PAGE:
Valentina Scandolara Attacks Her Way to Her First Win of the Season

Sat 21 Jun 2014

Valentina Scandolara animated Giro del Trentino Alto Adige from start to finish. The 24-year-old was rewarded for her aggressive, attacking style of racing with her first win of the year. Soloing across the line in front of family and friends, the Italian’s win on home soil capped off a fantastic day of racing by the ORICA-AIS squad of six.

“It’s a really important win,” said Scandolara. “It’s my first win with ORICA-AIS. The beginning of the year was difficult for me with a lot of illness, and today I showed the team that I’m here.”

“It’s also important to win solo and to win in Italy,” Scandolara added. “The town where we raced today is near my small town, so a lot of people I know were there also – my parents, my grandparents, my uncle and my whole big family.”

“We have been really pleased with the progression Valentina has made this year,” said Sport Director Gene Bates. “We’ve seen it behind the scenes with her training as well as at the races. It’s been bubbling underneath for several weeks and now it’s coming to fruition.”

Formally a three day stage race, the Giro del Trentino race organisers were forced to reduce the race to a single day this year due to funding issues. The 105 kilometre course included two flat laps of roughly 40 kilometres before a shorter final lap that featured a decisive climb topping out at just under 20 kilometres from the finish. Scandolara sparked a flurry of attacks when she jumped out of the bunch on the opening lap.

“Valentina was the first to attack today,” said Bates. “That really opened things up for the day. It had been pretty negative before she made her move. The attacks were fairly constant from there.”

“The first big attack was mine, but I realized the bunch was keeping me close,” Scandolara added. “After awhile, I slowed down to wait for them. My teammates were going to attack as soon as I got caught. We had the plan to attack and attack and attack. It would have been worse to stay out there without anything happening, so I let the bunch catch me so my teammates could take their turn – and they ‘let it rain’ as we say on this team.”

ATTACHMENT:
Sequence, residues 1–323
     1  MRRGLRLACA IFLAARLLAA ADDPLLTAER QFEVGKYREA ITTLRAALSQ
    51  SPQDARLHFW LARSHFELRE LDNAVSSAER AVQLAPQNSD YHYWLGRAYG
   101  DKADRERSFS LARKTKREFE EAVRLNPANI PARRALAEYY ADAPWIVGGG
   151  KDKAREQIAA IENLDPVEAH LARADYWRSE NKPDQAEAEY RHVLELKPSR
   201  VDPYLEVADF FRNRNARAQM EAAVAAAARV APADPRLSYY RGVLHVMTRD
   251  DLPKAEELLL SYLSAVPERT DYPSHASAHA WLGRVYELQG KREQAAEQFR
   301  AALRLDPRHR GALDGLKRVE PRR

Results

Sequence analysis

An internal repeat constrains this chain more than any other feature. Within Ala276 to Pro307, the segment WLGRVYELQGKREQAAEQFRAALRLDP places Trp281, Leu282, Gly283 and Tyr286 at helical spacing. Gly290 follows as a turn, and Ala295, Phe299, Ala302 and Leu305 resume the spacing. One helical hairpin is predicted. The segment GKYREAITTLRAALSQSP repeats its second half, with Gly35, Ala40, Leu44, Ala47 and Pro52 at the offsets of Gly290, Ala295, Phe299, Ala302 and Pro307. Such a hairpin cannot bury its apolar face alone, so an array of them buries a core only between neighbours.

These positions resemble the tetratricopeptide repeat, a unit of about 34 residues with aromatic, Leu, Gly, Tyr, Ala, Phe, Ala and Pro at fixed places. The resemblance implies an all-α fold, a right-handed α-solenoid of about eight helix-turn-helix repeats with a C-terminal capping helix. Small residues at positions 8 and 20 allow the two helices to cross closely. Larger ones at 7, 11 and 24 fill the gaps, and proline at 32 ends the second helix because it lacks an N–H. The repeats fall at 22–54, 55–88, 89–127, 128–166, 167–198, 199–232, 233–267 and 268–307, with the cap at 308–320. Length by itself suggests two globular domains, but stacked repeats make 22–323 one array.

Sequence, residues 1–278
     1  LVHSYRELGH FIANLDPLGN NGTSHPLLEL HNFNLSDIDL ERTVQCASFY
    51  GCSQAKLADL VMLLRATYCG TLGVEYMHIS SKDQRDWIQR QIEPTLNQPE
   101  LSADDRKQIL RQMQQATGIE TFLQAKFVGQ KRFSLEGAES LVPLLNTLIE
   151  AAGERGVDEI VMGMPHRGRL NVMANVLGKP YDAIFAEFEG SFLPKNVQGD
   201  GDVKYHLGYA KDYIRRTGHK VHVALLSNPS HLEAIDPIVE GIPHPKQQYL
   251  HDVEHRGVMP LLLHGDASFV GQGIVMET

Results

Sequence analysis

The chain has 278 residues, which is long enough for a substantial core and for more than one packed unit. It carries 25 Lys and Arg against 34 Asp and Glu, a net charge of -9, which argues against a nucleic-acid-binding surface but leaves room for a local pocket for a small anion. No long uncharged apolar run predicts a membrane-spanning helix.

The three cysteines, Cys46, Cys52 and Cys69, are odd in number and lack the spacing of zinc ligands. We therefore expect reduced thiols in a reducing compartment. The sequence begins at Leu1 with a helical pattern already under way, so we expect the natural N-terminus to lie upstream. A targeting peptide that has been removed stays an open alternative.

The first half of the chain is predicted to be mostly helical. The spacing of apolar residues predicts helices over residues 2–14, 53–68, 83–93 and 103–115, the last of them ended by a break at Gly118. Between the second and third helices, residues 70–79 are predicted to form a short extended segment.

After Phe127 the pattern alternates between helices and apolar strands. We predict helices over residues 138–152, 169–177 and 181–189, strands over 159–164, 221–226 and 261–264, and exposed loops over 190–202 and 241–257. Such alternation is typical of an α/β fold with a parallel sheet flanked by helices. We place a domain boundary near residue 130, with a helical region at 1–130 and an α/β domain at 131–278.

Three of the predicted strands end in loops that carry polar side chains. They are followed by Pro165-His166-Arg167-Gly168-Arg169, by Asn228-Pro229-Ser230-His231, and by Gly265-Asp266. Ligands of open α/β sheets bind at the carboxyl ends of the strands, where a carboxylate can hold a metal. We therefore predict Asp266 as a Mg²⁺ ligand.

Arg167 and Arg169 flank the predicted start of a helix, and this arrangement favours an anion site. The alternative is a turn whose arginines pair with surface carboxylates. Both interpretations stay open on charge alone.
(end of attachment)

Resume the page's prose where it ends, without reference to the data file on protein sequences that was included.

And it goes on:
Repeated attacks followed Scandolara’s catch. ORICA-AIS had riders in every significant move.

“Shortly after Valentina was caught, a group of 14 went away and we had four,” explained Bates. “A group with Katrin Garfoot countered that catch. After Garfoot’s group came back, Scandolara, McLean and Elvin went away.”

“It was good that we had numbers but Ratto (Estado de México-Faren Kuota) and Shelly Olds (Alé Cipollini) were there,” noted Scandolara. “I know I’m in good shape, but I can’t climb with Ratto, so I told Jessie and Gracie we had to attack the group. We tried, but it wasn’t enough to split things.”  

With the decisive ten kilometre climb to Bivio looming, the peloton began to close in on the breakaway. Scandolara and company were overtaken at the foot of the ascent.

“I went to the front to make the pace for Carlee [Taylor] and Katrin,” recalled Scandolara. “There were some attacks on the climb and a small group got away.”

Garfoot and Taylor had made the elite selection. Scandolara was in the first chase group. As the climbing continued, the front group lost a handful of riders and Scandolara and Tatiana Antoshina (RusVelo) bridged across to the leaders.

“We caught the group on the GPM,” said Scandolara. “Straightaway, I went on the attack. When I was caught, Carlee attacked. When Carlee was caught, Katrin attacked. It was back to me when they caught Katrin.”

Scandolara’s attack would inspire the race winning move. Susanna Zorzi (Astana BePink), Eugenia Bujak (BTC City Ljubljana) and Ratto had followed the acceleration. Sensing the move had staying power, Giorgia Bronzini (Wiggle Honda) jumped across to the four out front. Antonisha was the last rider to successfully make the junction.

As the kilometres ticked down, the attack tally continued to rise. Bujak was the first to attempt to shake her remaining breakmates. Scandolara dug deep to chase her down. Antonisha countered the catch but was unable to gain a true advantage.

“We were lined up inside the last kilometre, and I realised Bronzini wasn’t in my wheel,” noted Scandolara. “She was really sure about the sprint. I thought to myself – if I do the sprint maybe I will be second but I have to attack if I want to try and win. I knew if I could gain ten metres, it would be difficult for them to cooperate quickly enough to bring me back.”

Less than a kilometre from the line, Scandolara threw everything she had into her final attack of the race. Immediately, she opened up a gap. Ratto attempted to shut down the move, but her efforts proved futile.

“I didn’t look back,” said Scandolara. “I sprinted as fast as I could and I made it all the way to the finish.”

“We didn’t have a captain today,” Scandolara added. “We all had a chance. Everyone attacked. Everyone was in a break. We all knew we were the strongest, and we knew how to make it hard for the others. With the numbers we had in the finish, I was confident that if my group came back, one of my teammates would take her turn. We are all very happy with the way the team raced.”